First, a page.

Cyclists stop at Belton House as they retrace route of royal Forest Charter

Fund-raising cyclist Gabriel Hemery with Belton House Rangers Nick Brown and Chris Shaw with a copy of the new Tree Charter watched by the rest of the cycling team including Ruth Hyde (second from right) of the Woodland Trust based at their offices on Dysart Road.
Fund-raising cyclist Gabriel Hemery with Belton House Rangers Nick Brown and Chris Shaw with a copy of the new Tree Charter watched by the rest of the cycling team including Ruth Hyde (second from right) of the Woodland Trust based at their offices on Dysart Road.
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A group of cyclists stopped off at Belton House on Sunday as part of their charity ride to launch a new national Charter to address the challenges facing trees and woods today in the UK.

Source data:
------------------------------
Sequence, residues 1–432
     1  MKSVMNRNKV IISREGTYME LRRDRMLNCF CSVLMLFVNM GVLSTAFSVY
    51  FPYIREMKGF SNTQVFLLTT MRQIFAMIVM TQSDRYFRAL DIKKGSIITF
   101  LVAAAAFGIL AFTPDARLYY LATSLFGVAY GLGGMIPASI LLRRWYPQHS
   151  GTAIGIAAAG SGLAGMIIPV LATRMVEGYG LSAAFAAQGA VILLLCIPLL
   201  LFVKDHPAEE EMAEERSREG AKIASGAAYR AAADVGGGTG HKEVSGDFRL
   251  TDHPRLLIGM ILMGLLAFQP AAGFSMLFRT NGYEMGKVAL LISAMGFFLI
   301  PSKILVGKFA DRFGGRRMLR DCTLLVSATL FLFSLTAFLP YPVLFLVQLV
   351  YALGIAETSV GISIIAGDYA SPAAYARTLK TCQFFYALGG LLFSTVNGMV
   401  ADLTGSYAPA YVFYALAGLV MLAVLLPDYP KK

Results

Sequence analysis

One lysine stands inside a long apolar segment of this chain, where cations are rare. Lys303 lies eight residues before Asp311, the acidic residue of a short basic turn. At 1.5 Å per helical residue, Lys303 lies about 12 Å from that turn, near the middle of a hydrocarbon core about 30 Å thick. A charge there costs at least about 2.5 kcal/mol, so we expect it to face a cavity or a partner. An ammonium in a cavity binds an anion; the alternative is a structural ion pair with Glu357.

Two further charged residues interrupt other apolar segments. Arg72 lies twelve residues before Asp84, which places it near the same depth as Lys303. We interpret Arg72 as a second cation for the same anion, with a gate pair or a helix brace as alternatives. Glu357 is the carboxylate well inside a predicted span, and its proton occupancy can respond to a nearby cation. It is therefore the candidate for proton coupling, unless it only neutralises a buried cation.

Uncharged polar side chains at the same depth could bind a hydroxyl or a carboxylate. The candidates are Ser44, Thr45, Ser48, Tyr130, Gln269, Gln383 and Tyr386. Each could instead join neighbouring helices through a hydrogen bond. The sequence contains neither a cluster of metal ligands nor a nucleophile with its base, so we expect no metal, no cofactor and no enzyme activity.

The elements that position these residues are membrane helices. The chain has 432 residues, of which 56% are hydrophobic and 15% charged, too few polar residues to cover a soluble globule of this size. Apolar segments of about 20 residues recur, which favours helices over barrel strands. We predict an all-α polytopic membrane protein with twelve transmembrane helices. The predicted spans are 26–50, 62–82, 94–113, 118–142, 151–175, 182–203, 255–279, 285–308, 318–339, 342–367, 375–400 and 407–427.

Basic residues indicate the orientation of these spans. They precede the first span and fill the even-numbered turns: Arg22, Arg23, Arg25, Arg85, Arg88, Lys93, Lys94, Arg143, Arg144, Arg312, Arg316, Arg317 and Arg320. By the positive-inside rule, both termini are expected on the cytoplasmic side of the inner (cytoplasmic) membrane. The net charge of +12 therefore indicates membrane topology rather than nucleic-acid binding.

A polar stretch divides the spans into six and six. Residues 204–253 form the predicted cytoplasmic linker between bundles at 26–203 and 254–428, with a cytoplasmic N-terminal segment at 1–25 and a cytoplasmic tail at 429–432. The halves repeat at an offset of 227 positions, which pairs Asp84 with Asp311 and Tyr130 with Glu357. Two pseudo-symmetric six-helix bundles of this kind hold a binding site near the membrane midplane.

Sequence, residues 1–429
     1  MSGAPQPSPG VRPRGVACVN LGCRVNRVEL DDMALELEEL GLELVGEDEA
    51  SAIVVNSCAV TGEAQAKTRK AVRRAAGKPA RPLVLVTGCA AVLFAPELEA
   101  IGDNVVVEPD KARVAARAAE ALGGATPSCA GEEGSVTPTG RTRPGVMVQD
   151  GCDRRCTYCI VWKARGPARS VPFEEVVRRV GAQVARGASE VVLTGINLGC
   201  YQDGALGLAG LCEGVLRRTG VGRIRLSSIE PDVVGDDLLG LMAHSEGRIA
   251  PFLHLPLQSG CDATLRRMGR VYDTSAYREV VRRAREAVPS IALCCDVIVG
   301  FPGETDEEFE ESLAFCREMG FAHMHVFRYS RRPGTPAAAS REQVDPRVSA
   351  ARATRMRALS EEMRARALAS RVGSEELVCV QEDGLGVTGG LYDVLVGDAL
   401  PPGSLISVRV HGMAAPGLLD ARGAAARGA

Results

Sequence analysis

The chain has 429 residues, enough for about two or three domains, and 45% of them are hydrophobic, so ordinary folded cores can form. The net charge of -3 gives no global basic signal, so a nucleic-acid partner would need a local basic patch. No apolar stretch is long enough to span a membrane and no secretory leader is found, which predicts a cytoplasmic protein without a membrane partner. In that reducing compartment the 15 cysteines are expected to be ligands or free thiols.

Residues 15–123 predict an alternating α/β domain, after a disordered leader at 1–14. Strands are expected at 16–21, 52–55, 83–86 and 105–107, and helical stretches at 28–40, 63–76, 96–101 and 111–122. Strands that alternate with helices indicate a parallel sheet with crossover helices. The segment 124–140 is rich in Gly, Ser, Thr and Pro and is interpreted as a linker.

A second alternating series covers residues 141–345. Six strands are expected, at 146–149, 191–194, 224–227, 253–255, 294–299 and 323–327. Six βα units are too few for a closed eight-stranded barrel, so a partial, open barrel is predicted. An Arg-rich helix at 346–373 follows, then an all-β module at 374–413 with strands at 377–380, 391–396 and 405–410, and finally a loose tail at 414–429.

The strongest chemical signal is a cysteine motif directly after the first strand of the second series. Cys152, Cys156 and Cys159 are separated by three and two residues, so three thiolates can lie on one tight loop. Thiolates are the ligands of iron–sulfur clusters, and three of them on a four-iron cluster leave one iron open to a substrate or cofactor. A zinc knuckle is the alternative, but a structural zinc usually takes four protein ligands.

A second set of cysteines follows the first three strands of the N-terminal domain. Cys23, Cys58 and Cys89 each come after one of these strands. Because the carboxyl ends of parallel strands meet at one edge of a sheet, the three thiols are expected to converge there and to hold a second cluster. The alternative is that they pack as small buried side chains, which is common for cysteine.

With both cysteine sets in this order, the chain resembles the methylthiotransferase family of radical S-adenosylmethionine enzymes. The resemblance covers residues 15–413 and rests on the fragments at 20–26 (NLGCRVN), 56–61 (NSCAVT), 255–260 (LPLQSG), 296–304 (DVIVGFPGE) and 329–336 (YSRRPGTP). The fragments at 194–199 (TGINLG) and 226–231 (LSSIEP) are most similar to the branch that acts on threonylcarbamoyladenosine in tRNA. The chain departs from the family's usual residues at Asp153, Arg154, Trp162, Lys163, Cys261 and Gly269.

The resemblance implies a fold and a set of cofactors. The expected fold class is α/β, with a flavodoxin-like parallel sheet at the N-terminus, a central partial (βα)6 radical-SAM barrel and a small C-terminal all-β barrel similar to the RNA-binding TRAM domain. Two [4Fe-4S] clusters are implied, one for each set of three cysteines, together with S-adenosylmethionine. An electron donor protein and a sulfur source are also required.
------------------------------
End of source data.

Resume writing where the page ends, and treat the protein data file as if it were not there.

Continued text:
The riders from Funds4Trees and the Woodland Trust were cycling from Lincoln to London but stopped at Belton House to plant a tree and present staff with a copy of the Tree Charter.

The cyclists set off from the Ankerwycke Yew at Runnymede, under whose boughs the Magna Carta was signed in 1215. The Charter of the Forest followed two years later to complement the Magna Carta from which it had evolved. As forests were vital to survival as a source of fuel, food and grazing, the 1217 Charter reinstated the rights of people to access woods which had been revoked by the Magna Carta.

The cycle ride comes as the nation’s trees face unprecedented pressures from development, diseases and climate change.